With new ideas, opinions change and institutions evolve.  These ideas, however, are rare and generally governments are not good at generating new ideas, hence why they look to Think Tanks and Civil Society, a primary and unique source for innovation and independent thinking.

We should not underestimate the power that we have in influencing policy makers.

By Abdurahman Sharif

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Will you marry me?

So ok … the title of this blog is probably not the first thing you think of when thinking about proposals within the charity sector. But if you give it some thought, a proposal for funding is in many ways similar to a marriage proposal.

  • Finding the right partner/funding body
  • Timing
  • Seek help

Finding the right partner

This is invariably the first step in any relationship you hope to cultivate or develop. In life, finding the right partner is the foundation through which you build a life together. To do this you need to attract a partner. When it comes to funding this can be akin to building the right profile through different networks and knowing who to approach for funding.


Getting the timing right is key when asking your potential spouse to marry you. If you leave your partner hanging and waiting for that proposal, they will most likely leave you. It is similar when applying for funding. Many proposals are time limited, meaning you need to get your proposal in by a certain deadline. Make sure you meet that deadline or even better submit it in plenty of time.

Seek help

You have seen those videos on the internet where a man utilises the help of his friends to concoct the most elaborate and outlandish proposals so that his partCinemaner is unable to say no (see above). There is nothing wrong with asking someone who has completed a proposal before for help. They can be daunting and difficult to complete and extra pair of hands and eyes as well as another brain can be the difference between a successful or unsuccessful proposal.

I hope you have had some food for thought while reading this as well as interesting tips on how to propose to your partner, if that is what you are looking to do.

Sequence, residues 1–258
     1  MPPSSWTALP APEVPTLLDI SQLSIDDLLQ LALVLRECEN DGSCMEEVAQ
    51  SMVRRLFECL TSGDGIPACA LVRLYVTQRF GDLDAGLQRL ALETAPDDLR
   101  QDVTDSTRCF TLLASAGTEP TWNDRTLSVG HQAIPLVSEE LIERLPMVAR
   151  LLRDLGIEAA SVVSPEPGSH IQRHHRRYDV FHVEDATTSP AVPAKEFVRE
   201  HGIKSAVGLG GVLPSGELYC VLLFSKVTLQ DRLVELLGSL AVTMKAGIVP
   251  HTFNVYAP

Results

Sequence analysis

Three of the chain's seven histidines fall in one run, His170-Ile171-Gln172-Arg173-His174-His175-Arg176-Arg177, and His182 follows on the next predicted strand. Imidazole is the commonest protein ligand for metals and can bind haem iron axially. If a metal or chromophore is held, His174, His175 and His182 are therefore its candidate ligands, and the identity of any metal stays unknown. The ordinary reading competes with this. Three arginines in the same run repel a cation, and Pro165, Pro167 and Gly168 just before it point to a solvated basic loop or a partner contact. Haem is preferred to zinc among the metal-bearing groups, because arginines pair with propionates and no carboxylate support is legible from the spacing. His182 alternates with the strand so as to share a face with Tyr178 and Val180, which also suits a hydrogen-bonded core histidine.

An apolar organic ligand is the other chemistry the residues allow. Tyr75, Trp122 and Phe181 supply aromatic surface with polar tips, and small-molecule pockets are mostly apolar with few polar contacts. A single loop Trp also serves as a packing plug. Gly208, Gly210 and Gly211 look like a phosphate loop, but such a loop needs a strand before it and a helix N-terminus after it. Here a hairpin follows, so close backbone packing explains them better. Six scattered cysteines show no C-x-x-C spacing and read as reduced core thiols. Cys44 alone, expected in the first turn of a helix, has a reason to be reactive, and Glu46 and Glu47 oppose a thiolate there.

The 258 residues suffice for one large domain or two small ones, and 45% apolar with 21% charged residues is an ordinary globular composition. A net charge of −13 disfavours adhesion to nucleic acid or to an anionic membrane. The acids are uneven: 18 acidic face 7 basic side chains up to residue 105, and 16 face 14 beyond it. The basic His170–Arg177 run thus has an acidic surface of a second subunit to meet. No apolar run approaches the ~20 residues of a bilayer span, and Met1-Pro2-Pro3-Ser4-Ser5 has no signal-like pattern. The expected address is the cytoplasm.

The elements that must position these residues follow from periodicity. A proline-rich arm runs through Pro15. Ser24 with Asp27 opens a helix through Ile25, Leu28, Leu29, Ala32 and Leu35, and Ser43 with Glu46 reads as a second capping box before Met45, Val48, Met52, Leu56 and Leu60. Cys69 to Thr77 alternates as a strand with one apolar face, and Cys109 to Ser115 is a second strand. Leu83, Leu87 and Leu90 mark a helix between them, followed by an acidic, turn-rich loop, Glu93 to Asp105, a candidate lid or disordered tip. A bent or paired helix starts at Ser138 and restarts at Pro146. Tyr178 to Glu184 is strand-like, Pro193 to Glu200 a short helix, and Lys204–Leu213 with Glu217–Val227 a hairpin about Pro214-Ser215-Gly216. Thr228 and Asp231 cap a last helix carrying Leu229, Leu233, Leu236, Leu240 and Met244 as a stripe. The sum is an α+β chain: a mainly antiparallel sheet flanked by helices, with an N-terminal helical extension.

(Let us know if any of them work in the comments below or on Facebook or Twitter!)

By Mohammad Shakir

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Press Release: Muslim Charities Forum encourages vigilance from donors and charities alike

Friday 22nd February 2013

The Muslim Charities Forum would like to commend the work of West Midlands Police for their work in the convictions of individuals that used the name of Muslim Aid to collect funds illegally for their intended criminal activities.

It goes without saying that Muslim Aid and other such charities are registered with and adhere to Charity Commission guidelines. We would like to encourage all donors and supporters to ensure that they have full awareness of who they are donating to, especially during street collections.

Moving forward we look to working with donors, community organisations and community leaders to ensure that any fraudulent or illegal activity will ever take place again. We hope that together as a community, we can ensure that the sector remains trusted, accountable and works for the good of humanity.


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Letter to FCO and DFID regarding Gaza

The Rt. Hon. William Hague MP

Secretary of State for Foreign Affairs

Foreign and Commonwealth Office

King Charles Street

London SW1A 2AA

Monday 19 November 2012

Dear Foreign Secretary,

RE: Statement of concern regarding escalating conflict in Gaza

We are writing to you regarding the recent upsurge in violence and military activity in Gaza.

As Muslim-led humanitarian agencies, we are deeply concerned for the safety and well-being of the people of Gaza following the renewed intensification of conflict and violence within the region. Gaza is still in the process of reconstruction following the previous war that ended in January 2009, where 1,400 people were killed, 5,000 injured and 40,000 forced out of their homes. Based upon our experience of supporting those affected by conflict and disasters, we fear that the recent escalation in military action threatens to cause further untold damage and human suffering to the civilian population of Gaza.

Our paramount concern is to ensure that the people affected by this conflict are protected from direct and indirect consequences of the violence, and that those in need
have unimpeded access to humanitarian aid and medical services. We therefore urge the British Government to emphasise to all parties involved in the conflict that they comply with their obligations under International Humanitarian Law with respect to safeguarding the lives and dignity of the civilian population. In addition, we stress the need for affected civilian populations in Gaza to have unrestricted access to humanitarian aid as necessary, and to ensure that all humanitarian workers, medical staff and hospitals are protected.

Humanitarian agencies are committed to providing aid and relief to the most vulnerable communities regardless of the operating conditions, striving to prevent and alleviate human suffering and ensure that basic needs are met. The British Government also has a duty to ensure that those affected by conflict are not directly targeted by parties involved and are protected from the impact of fighting.